From complexity to simplicity via microbial division of labor inspired by Nature
If someone were to put Nature under a microscope, it would become obvious that microbes are present in all environments on our planet. Microbes are often forced to interact within proximity and share resources as an important key for their survival e.g., natural communities from the oceans to the human intestine. Thus, nutrient availability represents an important key to coordinating the subpopulations of microbial communities also known as microbial consortia and it drives division of labor within the ecological network. Division of labor reduces the number of tasks and the associated stress for the individual microbe creating a sort of microbial arena in which every single component can contribute with a lower stress load to accomplish the same goal. This may be exemplified by the degradation of complex biological materials by microbial consortia.
Humankind has used natural communities since millennia e.g., for fermented foods, waste treatment, and agriculture. To achieve a biotechnological process goal such as the conversion of a substrate (A) into a product (B), Nature can be a great inspiration to simplify complex processes by applying “division of labor” as design principle in “synthetic microbial arenas”. As in Nature, commensality and mutualism represent important natural interactions in “microbial synthetic consortia”. Let us consider an example: we want to use a complex raw material A (raw material; substrate), e.g., starch, cellulose, or lignin for the sustainable, environmental-friendly production of a target compound (B), see Figure 1. Different individual microbes cooperate to breakdown A to intermediates that are converted by another microbe to yield B (Fig. 1).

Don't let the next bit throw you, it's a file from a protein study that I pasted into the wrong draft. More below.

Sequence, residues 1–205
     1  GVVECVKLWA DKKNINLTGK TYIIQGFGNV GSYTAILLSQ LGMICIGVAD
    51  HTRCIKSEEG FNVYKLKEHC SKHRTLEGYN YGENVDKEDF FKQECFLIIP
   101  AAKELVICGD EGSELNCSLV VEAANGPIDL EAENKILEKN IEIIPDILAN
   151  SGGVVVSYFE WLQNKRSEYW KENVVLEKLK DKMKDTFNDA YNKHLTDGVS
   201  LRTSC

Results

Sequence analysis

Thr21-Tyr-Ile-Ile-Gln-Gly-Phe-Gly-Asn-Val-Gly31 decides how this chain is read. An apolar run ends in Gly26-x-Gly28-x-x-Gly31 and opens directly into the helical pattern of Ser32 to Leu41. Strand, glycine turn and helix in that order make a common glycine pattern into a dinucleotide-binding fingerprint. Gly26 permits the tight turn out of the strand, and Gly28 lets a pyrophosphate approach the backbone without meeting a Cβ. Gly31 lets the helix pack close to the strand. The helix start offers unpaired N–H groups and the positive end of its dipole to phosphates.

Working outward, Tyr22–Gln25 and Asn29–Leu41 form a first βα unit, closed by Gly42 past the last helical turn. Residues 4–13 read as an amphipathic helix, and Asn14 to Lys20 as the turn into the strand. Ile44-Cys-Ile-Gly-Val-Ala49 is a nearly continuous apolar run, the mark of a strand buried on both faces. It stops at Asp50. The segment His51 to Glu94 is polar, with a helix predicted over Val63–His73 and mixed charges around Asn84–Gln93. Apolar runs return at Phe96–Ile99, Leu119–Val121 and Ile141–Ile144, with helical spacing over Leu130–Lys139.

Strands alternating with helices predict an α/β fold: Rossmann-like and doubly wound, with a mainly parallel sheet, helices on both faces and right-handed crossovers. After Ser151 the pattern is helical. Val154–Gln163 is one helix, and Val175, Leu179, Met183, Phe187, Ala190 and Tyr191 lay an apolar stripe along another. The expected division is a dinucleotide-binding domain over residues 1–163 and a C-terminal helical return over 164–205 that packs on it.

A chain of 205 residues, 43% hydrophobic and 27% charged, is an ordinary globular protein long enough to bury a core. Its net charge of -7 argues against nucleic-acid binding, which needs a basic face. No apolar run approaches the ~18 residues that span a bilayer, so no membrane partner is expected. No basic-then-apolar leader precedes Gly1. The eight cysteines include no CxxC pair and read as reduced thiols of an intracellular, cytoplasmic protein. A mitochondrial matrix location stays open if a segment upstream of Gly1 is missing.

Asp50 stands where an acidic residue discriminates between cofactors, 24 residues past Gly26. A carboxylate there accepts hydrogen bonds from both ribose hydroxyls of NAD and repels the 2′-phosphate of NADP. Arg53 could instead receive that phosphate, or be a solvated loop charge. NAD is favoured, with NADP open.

This concept has been applied to the production of the amino acid l-lysine from starch by a synthetic microbial consortium consisting of a starch-degrading, l-lysine auxotrophic E. coli strain and a starch-negative, but l-lysine overproducing C. glutamicum strain. This interaction is mutualistic since neither microbe can grow with starch in the absence of the other. Since little l-lysine is required to feed the E. coli strain the concept could be extended to produce either cadaverine or l-pipecolic acid from the surplus l-lysine (Fig. 2A). A convergent type of interaction describes how two microbes produce two intermediates that are subsequently condensed by the third microbe (Fig. 2B).
Meanwhile, several proofs-of-concept to design and apply synthetic microbial consortia to achieve complex biotechnological tasks by division of labor have been achieved. For industrial implementation several technical hurdles have to be overcome. Therefore, in this review, we discuss knowledge gaps that have to be closed to ensure, for example, high titers, yields and productivities of the consortia, their reliable storage or their genetic and compositional stability in bioreactor cultivation during the production phase. Due to the immense potential of the modular design of synthetic consortia, we forecast that sustainable biotechnological production will benefit tremendously from making use of microbial consortia.
Elvira Schöler, Volker F. Wendisch
Genetics of Prokaryotes, Faculty of Biology and CeBiTec, Bielefeld University Bielefeld, Germany
Synthetic microbial consortia for small molecule production
Elvira Sgobba, Volker F Wendisch
Curr Opin Biotechnol. 2020 Apr
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